AbbVie’s Hepatitis C drug works in difficult to treat patients

New data on AbbVie’s three-pronged Hepatitis C treatment shows the combination helped patients whose infection had previously been difficult to treat.

AbbVie’s three way regimen consists of the fixed-dose combination of ABT-450/ritonavir (150/100mg) co-formulated with ombitasvir (ABT-267) 25mg, dosed once daily, and dasabuvir (ABT-333) 250mg with or without RBV (weight-based), dosed twice daily.

The combination of three different mechanisms of action interrupts the Hepatitis C virus (HCV) replication process, with the aim of maximising the number of patients and groups of patients with different variants of the disease being cleared of the virus.

Hepatitis C is currently one of the most exciting areas of new medical developments, with a wave of new treatments promising to cure more patients of their condition.

AbbVie unveiled its Phase III pivotal study, SAPPHIRE-I at the International Liver Congress (ILC) 2014 in London today, following on yesterday’s results from the pivotal phase III study, SAPPHIRE-II.

In the SAPPHIRE-I (N=631) and SAPPHIRE-II (N=394) placebo-controlled studies, adult, non-cirrhotic patients with chronic genotype 1 (GT1) hepatitis C virus (HCV) infection receiving the AbbVie regimen with ribavirin (RBV) for 12 weeks achieved sustained virologic response rates 12 weeks post-treatment (SVR) of 96.2% and 96.3% respectively.

In SAPPHIRE-II, treatment-experienced sub-populations randomised to the AbbVie regimen with RBV were prior null responders (49.2 percent), prior relapsers (29%) and prior partial responders (21.9%) to pegylated interferon and RBV.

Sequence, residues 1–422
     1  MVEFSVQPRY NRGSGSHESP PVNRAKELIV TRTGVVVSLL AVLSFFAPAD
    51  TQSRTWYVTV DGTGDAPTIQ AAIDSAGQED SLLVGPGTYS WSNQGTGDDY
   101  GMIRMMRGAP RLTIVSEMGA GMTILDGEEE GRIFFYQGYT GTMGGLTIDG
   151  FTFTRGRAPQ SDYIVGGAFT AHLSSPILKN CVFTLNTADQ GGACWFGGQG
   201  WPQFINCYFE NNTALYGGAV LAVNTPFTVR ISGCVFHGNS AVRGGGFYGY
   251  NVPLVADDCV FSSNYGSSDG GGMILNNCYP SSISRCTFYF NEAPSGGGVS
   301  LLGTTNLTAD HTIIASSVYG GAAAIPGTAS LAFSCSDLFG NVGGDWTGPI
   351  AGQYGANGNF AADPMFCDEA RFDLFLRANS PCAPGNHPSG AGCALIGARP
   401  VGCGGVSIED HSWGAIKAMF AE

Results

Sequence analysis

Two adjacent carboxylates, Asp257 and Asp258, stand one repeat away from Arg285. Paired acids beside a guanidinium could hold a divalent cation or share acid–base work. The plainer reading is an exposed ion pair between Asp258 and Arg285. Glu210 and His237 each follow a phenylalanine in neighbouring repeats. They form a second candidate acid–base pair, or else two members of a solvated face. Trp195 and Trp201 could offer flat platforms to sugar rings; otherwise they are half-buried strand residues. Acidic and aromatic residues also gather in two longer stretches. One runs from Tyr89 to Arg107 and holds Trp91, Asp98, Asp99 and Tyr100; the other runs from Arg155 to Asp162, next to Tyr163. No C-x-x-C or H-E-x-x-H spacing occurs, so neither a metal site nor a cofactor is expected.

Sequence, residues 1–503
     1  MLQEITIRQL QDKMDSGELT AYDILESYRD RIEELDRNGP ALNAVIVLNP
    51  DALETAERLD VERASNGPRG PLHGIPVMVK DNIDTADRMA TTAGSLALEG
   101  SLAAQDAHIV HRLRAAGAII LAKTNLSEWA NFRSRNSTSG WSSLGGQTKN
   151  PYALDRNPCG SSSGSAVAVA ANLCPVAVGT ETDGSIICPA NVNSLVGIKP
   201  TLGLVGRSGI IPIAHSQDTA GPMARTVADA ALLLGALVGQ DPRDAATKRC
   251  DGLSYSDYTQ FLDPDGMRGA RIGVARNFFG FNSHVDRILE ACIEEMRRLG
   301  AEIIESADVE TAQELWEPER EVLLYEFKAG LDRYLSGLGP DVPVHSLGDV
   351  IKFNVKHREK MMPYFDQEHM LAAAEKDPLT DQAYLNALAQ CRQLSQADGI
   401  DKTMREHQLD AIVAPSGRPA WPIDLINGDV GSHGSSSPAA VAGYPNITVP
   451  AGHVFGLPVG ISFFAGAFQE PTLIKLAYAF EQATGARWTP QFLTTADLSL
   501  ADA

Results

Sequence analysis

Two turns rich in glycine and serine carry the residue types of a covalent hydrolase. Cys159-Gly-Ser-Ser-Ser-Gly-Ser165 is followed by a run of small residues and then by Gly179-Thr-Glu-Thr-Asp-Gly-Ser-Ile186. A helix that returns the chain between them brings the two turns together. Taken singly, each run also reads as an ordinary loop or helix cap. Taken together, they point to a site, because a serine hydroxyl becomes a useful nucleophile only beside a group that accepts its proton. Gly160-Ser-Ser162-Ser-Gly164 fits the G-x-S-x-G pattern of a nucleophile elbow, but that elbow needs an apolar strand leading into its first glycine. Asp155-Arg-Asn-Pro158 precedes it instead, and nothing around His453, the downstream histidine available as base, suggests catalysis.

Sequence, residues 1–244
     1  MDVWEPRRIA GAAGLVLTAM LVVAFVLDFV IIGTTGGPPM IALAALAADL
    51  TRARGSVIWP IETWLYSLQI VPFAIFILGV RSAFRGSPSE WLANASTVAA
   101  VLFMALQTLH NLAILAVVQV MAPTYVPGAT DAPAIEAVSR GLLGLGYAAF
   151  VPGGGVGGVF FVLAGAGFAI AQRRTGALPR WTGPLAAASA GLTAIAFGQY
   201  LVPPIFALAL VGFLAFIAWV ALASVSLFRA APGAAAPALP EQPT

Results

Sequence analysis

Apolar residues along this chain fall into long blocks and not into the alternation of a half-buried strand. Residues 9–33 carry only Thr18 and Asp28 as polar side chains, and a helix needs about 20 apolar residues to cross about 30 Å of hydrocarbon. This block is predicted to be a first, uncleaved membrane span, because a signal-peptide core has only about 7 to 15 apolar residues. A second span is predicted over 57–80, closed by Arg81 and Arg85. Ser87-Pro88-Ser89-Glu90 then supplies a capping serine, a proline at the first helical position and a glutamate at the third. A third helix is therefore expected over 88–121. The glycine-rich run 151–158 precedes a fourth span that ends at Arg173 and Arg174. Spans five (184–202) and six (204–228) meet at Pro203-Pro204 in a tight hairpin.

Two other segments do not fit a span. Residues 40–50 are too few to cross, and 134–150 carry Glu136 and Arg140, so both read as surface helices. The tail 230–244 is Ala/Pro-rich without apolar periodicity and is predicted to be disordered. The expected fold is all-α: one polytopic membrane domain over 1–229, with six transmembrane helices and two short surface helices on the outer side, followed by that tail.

“Patients with chronic hepatitis C who have not responded well to treatment in the past have historically been more difficult to treat,” said Stefan Zeuzem, M.D., lead clinical investigator on SAPPHIRE-II and Chief of the Department of Medicine at the J.W. Goethe University Hospital in Frankfurt, Germany. “These data show very promising results in people who are infected with either subtype of the GT1 hepatitis C virus and who are either new to therapy or treatment-experienced.”

In SAPPHIRE-I, high response rates were seen across patients with certain variable characteristics, including gender, race, body mass index, fibrosis stage and baseline HCV viral load, as some of these patients have historically had a reduced response to treatment.

Other new competitors in the Hepatitis C field include Gilead’s Sovaldi (approved in the US and Europe) Janssen’s approved Olysio (approved in the US) and Merck’s two drug combination MK-5172 and 50 mg of MK-8742 (in phase III development) and Bristol Myer Squibb’s two drug combination of daclatasvir and asunepravir.


WHO highlights ‘unaffordable’ Hepatitis C treatments


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